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Service Learning

One school's 5th grade curriculum uses community service activities related to cats, dogs, and zoo animals to teach kids science.

by Patty Catalano


Fifth-grade students at Walker Station Elementary in Sugar Land, Texas, are caretakers of an orangutan, a giraffe, and even an otter. But fortunately for the teachers and custodians, these animals never set foot in the classroom; they live at the nearby Houston Zoo. Students and teachers tend to them remotely through the zoo’s Adopt an Animal program. By performing chores at home, students raise and donate funds to feed and care for their animals.

It’s just one of the collaborative initiatives behind Walker Station’s multifaceted “All Creatures Big and Small” project, which teachers and PTO leaders initiated for 5th graders about two years ago. The endeavor has gotten students wild about animals and mad about science.

Within the All Creatures framework, the kids study a rigorous science curriculum, then complete 50 hours of volunteer work, also called service learning, over the school year. PTO leaders facilitate the bulk of those service learning activities for students, and parents often participate, too.

“Service learning was incorporated into the 5th grade curriculum because it was a method of teaching, learning, and reflecting that combines academic classroom curriculum with meaningful community service,” explains former Walker Station principal Chris Morgan, who moved on to a local middle school in fall 2009. The activities within the All Creatures project, he adds, “enabled the 5th grade students to understand that their involvement and commitment can make a difference in the quality of life in their community.”

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The service projects conducted also keep volunteers busy during the year. In January 2009, PTO board member and 5th grade activities coordinator Asha Vaidya helped students promote All Creatures at a schoolwide science night that drew nearly 1,000 attendees. For service hours, students baked and bagged dog biscuits; handmade bookmarks, buttons, and door hangers were sold during the event. “They also created habitat displays for the animals that they adopted from the zoo,” Vaidya says.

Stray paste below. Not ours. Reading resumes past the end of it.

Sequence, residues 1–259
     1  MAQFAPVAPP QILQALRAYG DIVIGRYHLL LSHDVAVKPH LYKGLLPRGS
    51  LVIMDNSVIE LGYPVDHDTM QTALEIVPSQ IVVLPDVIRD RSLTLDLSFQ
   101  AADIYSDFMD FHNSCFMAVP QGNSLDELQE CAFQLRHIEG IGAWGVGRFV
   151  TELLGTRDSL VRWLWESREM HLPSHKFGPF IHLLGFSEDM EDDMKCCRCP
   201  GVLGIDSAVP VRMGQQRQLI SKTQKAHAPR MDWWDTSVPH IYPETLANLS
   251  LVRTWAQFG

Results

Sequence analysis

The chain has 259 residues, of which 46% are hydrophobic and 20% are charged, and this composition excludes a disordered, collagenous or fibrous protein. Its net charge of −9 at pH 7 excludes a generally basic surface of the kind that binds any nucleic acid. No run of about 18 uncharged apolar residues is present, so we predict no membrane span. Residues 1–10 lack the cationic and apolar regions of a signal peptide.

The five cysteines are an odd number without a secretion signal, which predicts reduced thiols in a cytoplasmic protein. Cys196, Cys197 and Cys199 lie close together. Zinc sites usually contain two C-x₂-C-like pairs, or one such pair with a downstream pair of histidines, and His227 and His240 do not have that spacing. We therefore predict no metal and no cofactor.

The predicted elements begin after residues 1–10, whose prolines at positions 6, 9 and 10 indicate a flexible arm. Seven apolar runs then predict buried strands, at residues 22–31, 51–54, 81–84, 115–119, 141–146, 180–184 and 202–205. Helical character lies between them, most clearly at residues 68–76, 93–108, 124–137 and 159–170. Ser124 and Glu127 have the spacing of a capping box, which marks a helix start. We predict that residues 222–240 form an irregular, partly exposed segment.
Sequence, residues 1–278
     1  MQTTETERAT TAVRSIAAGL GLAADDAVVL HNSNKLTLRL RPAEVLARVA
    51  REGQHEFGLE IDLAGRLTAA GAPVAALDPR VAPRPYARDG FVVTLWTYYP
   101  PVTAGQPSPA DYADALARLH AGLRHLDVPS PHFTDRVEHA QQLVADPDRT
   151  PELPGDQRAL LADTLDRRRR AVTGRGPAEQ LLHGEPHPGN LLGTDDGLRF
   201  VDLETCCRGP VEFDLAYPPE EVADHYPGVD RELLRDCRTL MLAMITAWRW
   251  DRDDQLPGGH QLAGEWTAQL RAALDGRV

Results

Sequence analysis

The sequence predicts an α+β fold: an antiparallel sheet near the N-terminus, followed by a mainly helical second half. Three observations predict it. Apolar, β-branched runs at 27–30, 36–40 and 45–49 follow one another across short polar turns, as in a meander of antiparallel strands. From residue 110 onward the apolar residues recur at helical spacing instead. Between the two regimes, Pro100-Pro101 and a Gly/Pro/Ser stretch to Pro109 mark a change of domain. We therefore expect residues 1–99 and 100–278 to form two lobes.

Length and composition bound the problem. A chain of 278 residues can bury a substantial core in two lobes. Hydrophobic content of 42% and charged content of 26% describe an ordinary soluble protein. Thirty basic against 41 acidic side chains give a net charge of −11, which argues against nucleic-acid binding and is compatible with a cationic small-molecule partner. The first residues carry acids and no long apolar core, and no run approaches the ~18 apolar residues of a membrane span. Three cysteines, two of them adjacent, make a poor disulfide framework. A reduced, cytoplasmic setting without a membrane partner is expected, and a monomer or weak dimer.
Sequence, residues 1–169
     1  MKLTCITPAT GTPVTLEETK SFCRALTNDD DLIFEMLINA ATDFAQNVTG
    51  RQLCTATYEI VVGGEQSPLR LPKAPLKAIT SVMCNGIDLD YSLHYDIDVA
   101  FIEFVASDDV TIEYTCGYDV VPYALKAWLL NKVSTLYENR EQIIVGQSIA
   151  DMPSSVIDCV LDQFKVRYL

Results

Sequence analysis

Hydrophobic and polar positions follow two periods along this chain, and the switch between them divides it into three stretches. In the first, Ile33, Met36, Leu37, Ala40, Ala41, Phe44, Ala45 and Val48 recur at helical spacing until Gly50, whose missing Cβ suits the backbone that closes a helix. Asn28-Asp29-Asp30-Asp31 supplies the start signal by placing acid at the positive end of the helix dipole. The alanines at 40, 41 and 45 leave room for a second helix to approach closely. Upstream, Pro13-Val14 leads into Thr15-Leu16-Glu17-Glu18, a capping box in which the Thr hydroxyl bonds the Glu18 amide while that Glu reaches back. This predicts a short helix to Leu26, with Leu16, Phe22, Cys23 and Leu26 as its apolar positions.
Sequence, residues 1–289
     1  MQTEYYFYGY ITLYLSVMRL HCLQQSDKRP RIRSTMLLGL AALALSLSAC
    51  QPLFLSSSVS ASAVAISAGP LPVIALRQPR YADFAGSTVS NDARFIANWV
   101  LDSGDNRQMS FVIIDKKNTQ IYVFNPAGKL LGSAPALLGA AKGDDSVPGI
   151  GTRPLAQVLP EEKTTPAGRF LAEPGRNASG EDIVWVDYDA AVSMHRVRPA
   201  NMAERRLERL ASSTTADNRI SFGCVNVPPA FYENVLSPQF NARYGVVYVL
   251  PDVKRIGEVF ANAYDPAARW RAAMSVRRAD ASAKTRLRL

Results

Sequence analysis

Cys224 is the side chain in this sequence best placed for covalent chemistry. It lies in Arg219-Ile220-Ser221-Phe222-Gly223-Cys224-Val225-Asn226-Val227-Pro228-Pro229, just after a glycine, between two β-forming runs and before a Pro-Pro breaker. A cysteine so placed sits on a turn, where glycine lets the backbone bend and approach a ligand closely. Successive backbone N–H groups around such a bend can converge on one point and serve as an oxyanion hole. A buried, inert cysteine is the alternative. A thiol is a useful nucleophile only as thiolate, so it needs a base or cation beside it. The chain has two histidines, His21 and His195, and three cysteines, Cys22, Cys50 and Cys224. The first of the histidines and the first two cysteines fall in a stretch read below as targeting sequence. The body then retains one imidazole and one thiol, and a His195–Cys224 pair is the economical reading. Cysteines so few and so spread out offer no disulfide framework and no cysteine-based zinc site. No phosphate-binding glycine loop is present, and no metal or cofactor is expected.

That May, Vaidya and the PTO also arranged a pet food and supplies drive to benefit two local groups, AniMeals on Wheels and Citizens for Animal Protection. The 5th graders and their parents collected and donated dog and cat food, blankets, and towels. Students then divided the food into 3- or 4-pound resealable plastic bags. Families loaded and delivered some 200 bags of food and supplies to the agencies, which distributed the items to needy elderly clients with pets. Recalls Vaidya, “In our community sometimes we get too busy and we just want to write a check, but this service learning project gave the kids the opportunity to participate in making a difference.”

The All Creatures program culminated on the last day of school with a ceremony in the school’s gym for the 5th graders, all 193 of whom completed their 50 service hours. They each received a President’s Volunteer Service Award certificate; the PTO arranged for those along with decorations and snacks. Vaidya credits the collaborative spirit at Walker Station as the driving force behind the success of the program: “It took many people doing their part to achieve the goals—the teachers to instruct the curriculum, the PTO to organize all the events, and students to actually do the work.”

The Group
Walker Station Elementary PTO, Sugar Land, Texas

School size: 900 students, grades K-5
Annual budget: $45,000
Fundraisers: catalog sales, dinner with live and silent auction
Philosophy: To promote the welfare and educational, vocational, and character development of children who attend Walker Station Elementary and to develop and maintain a forum for parents, teachers, and citizens within the community interested in the advancement of those purposes.

All Creatures Big and Small
Community service activities are intertwined with the school’s 5th grade science curriculum

Pet project: “This project takes very little capital to start,” notes PTO board member Asha Vaidya, “but a lot of enthusiasm from the teachers, administration of the school, parents, and most importantly the students.” The PTO allocated $300 for the service learning ceremony held on the last day of school. “The rest of the money for the project was raised by the kids—doing chores at home or by making dog biscuits and selling them at science night,” she adds.

Class menagerie: Adopting animals at the Houston Zoo was one way the program enhanced learning outside the classroom. “The 5th grade science curriculum is based on the students learning about ecosystems,” explains former Walker Station principal Chris Morgan, “so the teachers felt if the students actually felt responsible for an animal they would want to learn more about it and its ecosystem.” Each week, 5th graders also visited with kindergartners and 1st grade students to share their knowledge about animal habitats and read animal-related books together.

Helping the paws cause: All Creatures helped parents get more involved at Walker Station, as well. “Since some of the 50-plus hours for the service award needed to be done at home, this gave working parents the opportunity to participate in this program,” Morgan says. Parents helped out by finding and donating rugs, blankets, and towels and repackaging bags of pet food for the elderly alongside their kids, and they monitored and signed students’ volunteer service cards.

Originally posted in 2009 and updated regularly.

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